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California Gold

By Mia Davidson and  Jan Sattler

By Mia Davidson and Jan Sattler

The brightest colored fish in our local waters is the garibaldi (Hypsypops rubicundus).  It was named after Giuseppe Garibaldi (1807 – 1882), an Italian revolutionary hero because of the red shirts that he and his followers wore. The Garibaldi is uniformly brilliant orange in color with green eyes. Males and females are similar in appearance having a sturdy, oval shaped body with a bulging forehead and a heart shaped tail.  An adult Garibaldi averages about 14 inches in length and is the largest member of the damselfish family.

Living 12 to 18 years in the wild, the range of the Garibaldi extends from Monterey to Baja California, but are primarily found off the coast of Southern California and the Channel Islands.  Located along the coastal reefs near rock crevasses and kelp beds in depths up to 95 feet, they are most commonly found close to shore in water less than 15 feet deep.  They are solitary, territorial, curious and unafraid of divers and other animals. When disturbed, the Garibaldi emits a thumping sound that divers can often hear. Daytime foragers, they are omnivorous (eat both plants and animals) feeding on bottom dwelling marine invertebrates (animals without backbones) such as tubeworms, nudibranchs and sea stars as well as sponges, algae and plankton that are located near their home. They also eat small shellfish such as crabs and shrimps and have been known to eat their own eggs. Predators include sharks, sea lions, seals and Moray eels.  On Catalina Island, bald eagles have also been seen feeding on Garibaldis.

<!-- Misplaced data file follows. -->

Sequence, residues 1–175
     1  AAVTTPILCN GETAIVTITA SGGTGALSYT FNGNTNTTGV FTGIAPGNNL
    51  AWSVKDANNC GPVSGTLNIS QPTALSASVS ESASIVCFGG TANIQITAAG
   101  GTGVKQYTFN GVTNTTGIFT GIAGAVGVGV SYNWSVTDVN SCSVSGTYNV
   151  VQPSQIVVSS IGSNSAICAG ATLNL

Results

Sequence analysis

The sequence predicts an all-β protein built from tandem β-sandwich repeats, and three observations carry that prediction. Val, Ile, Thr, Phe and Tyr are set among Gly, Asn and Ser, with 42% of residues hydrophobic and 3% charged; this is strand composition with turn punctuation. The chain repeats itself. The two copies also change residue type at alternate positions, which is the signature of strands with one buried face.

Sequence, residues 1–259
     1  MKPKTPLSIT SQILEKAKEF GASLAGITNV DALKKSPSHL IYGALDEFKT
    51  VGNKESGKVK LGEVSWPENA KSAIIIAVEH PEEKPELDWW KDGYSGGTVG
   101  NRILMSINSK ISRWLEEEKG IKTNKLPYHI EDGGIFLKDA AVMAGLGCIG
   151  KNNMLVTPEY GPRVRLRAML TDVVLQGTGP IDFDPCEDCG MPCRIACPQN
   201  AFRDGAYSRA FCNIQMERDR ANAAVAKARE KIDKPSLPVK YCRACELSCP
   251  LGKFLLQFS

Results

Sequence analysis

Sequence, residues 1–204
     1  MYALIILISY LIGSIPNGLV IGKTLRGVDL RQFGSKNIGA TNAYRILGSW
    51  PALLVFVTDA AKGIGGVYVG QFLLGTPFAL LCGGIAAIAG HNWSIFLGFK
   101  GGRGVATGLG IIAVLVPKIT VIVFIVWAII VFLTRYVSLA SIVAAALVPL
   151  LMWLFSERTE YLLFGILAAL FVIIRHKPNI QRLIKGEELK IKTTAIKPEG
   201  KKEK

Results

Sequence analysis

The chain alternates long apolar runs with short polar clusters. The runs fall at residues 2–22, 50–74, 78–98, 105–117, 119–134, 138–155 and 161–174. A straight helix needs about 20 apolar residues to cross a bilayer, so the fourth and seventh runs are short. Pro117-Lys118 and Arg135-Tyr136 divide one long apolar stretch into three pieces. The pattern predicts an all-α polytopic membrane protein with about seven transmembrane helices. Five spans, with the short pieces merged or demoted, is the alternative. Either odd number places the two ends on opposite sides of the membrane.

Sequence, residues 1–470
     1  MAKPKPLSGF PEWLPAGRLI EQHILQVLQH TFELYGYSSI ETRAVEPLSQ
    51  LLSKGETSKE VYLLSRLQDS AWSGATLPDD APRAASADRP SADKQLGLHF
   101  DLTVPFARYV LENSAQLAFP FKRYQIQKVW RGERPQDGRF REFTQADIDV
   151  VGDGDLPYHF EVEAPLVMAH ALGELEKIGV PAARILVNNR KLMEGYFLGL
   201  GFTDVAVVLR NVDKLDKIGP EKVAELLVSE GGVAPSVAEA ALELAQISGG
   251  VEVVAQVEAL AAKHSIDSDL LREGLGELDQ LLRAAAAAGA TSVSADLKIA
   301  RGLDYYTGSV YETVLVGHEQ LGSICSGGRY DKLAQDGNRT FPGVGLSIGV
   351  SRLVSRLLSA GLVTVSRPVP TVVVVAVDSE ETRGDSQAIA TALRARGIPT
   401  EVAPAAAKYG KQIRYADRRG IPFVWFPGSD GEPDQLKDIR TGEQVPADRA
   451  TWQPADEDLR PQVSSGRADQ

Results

Garibaldi

Garibaldi

Becoming sexually mature at five to six years of age, in early spring the male Garibaldi clears a sheltered area that is approximately two feet wide within its home territory. He cleans away debris and removes unwelcome guests like sea stars and prepares a nest covered with groomed red algae. Spawning occurs from March to July and using the size and attractiveness of his nest, he makes clicking noises and courtship swims in order to entice a female to deposit thousands of yellow eggs. Multiple females can deposit eggs at one site. Once deposited, the male fertilizes the clutch and without any help from the female, guards and tends his offspring until, depending on water temperature, they hatch two to three weeks later into one-eighth inch transparent fish.  As they grow into juveniles, they develop their orange coloring with the inclusion of brilliant blue spots along their body. As long as juveniles have the blue spots, adult Garibaldi will tolerate their presence. The blue spots remain until the juveniles reach sexual maturity.

The history of the Garibaldi becoming the state marine fish of California is convoluted.  In 1971, the California Department of Fish and Game recommended that the Garibaldi be designated the state fish and protected from all take. Although the recommendation became generally accepted, it never actually became law. In the ensuing 22 years, this oversight was exploited by fisherman and fish collectors, and over time stocks of the fish were seriously depleted. In 1993, legislation passed that banned any take from Feb. 1 to Oct. 31, but in some areas, the population of Garibaldi continued to decline.  Ultimately in 1995, an Assembly Bill was signed into law, which designated the Garibaldi as the official state marine fish, completely protecting them by law.  Since enacted, Garibaldi populations have recovered and are commonly found throughout their range. In Laguna, they can be seen when snorkeling near the rocks and kelp or from kayaks and paddleboards when the water is clear and calm.

Longtime residents Mia Davidson and artist Jan Sattler enjoy sharing information about the precious resources they encounter swimming in the ocean.

 

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